Use these suggestions to assist your youngster in improving their reading abilities.
For early readers, beginning with picture books, mastering reading comprehension abilities is crucial.
It will aid school-age youngsters in understanding textbooks, news articles, and other complex literature as they get older.
Here are six suggestions to help your early reader improve their reading comprehension abilities in addition to the many grade-appropriate reading comprehension exercise books that Scholastic offers.
1. Request that they read aloud.
They are prompted to read more slowly, which allows them more time to think about what they are to read and enhances their reading comprehension.
Additionally, kids are hearing the words as well as seeing them!
Additionally, you can alternate reading aloud.
2. Offer literature at the appropriate level.
3. Read aloud to improve fluency.
Your child must read fast and fluently to understand content and foster to read comprehension. This ability is referred to as fluency.
For instance, your child should be able to read 90 words per minute by the start of the third grade.
4. Consult the instructor.
If your child is having trouble understanding what they are to read, they might benefit from additional support with vocabulary development or phonics practise.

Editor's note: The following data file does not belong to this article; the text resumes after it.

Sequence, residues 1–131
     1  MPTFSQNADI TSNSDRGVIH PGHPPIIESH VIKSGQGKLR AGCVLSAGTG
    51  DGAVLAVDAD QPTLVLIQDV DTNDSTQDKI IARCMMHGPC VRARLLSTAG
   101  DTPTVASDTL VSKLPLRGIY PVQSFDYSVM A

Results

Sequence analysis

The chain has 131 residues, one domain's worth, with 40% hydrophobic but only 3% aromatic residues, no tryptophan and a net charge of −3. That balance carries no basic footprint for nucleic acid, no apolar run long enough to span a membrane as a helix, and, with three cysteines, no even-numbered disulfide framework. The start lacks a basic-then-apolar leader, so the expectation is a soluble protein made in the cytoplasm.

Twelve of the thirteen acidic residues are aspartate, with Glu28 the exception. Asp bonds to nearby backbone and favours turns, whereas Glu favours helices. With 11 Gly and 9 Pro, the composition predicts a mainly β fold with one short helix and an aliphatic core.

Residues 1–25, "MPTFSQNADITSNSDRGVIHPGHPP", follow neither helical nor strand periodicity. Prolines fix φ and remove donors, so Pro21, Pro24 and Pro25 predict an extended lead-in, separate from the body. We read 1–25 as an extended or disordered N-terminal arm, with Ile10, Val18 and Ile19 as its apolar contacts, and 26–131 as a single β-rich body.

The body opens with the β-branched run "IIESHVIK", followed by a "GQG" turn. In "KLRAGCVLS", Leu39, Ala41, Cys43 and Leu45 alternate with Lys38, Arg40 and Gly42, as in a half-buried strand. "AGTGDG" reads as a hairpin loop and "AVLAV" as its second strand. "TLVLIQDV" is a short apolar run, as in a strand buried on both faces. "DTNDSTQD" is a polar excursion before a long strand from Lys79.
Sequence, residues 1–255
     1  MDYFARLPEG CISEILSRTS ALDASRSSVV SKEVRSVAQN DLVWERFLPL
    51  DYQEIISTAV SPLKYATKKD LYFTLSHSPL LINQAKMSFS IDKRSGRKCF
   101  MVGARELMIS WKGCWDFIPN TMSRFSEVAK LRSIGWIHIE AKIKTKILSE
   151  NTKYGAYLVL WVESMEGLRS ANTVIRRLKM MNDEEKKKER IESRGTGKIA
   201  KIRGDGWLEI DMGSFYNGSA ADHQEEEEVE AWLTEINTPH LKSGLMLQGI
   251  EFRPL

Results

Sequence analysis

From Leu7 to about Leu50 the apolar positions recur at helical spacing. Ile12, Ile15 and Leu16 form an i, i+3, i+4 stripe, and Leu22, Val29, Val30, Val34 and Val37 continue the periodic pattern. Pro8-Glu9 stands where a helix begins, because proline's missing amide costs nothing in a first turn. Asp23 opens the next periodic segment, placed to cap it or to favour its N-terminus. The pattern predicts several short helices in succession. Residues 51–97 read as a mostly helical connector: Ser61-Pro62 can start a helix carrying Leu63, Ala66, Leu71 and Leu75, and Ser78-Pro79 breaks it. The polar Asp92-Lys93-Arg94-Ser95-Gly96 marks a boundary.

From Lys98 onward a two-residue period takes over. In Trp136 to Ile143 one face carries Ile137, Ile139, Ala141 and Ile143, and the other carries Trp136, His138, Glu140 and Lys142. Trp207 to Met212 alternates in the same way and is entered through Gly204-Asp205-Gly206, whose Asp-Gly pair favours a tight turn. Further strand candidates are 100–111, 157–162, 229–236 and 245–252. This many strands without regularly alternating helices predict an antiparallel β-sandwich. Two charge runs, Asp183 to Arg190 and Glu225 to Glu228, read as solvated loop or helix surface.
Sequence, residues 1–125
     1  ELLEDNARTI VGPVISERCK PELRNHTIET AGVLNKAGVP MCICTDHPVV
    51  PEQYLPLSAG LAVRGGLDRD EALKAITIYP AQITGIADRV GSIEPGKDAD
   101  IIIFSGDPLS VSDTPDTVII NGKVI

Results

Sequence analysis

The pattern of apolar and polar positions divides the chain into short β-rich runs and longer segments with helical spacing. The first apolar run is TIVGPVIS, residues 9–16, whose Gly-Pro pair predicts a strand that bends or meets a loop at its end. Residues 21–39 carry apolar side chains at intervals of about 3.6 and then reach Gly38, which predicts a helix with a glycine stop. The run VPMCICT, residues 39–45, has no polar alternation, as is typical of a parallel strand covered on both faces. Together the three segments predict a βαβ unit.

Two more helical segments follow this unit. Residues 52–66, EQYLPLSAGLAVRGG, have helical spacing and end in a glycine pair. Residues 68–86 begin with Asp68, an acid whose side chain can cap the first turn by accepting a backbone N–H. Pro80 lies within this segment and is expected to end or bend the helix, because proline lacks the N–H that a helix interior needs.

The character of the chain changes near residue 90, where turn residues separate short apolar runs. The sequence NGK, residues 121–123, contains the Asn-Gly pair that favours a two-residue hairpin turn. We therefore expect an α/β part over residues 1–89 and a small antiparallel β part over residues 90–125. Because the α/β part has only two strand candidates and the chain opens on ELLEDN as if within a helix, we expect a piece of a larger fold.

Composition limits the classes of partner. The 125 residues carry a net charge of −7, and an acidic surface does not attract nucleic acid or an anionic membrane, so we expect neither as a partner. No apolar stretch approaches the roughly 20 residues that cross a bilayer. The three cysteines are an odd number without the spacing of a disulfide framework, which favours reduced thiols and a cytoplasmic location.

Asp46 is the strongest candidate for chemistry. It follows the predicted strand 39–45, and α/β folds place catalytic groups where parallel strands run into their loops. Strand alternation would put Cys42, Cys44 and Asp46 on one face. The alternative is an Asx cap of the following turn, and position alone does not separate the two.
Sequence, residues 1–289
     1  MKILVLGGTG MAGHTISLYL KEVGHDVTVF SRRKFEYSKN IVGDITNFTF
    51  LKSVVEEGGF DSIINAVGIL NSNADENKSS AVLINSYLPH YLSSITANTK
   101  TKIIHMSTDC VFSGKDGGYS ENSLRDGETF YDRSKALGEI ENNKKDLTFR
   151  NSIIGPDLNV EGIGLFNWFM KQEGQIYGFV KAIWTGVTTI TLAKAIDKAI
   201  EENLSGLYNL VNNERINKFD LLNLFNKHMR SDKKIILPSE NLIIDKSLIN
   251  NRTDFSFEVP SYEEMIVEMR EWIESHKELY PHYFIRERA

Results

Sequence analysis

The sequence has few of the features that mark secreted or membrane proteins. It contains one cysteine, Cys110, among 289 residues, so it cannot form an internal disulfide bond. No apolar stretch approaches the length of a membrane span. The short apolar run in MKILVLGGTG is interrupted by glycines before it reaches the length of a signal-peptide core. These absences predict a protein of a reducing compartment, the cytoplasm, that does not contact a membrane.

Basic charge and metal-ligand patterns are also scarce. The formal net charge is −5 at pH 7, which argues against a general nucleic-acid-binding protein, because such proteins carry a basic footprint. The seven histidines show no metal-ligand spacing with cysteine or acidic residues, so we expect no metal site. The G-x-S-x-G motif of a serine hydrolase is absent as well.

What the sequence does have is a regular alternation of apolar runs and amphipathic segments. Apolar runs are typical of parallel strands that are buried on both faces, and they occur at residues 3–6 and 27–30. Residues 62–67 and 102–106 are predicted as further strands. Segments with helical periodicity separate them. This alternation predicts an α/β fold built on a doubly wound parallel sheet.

5. Extend the reading they did in class.
If your child’s class is studying a certain topic, search for books or publications that are simple to read about the subject.
Their ability to navigate more challenging school texts and improve literacy comprehension will be aided by some past knowledge.
Make sure that your reader who is in school receives enough of practice to read books that aren’t too challenging.
They should be able to identify at least 90% of the words on their own.
Children find it difficult to concentrate on the main message of the story if you have to stop more frequently to decipher words.
6. Discuss the books they are reading.
They are better able to recall and analyse the book’s topics because to this “verbal processing.”
To promote reading comprehension, pose questions before, during, and after a session.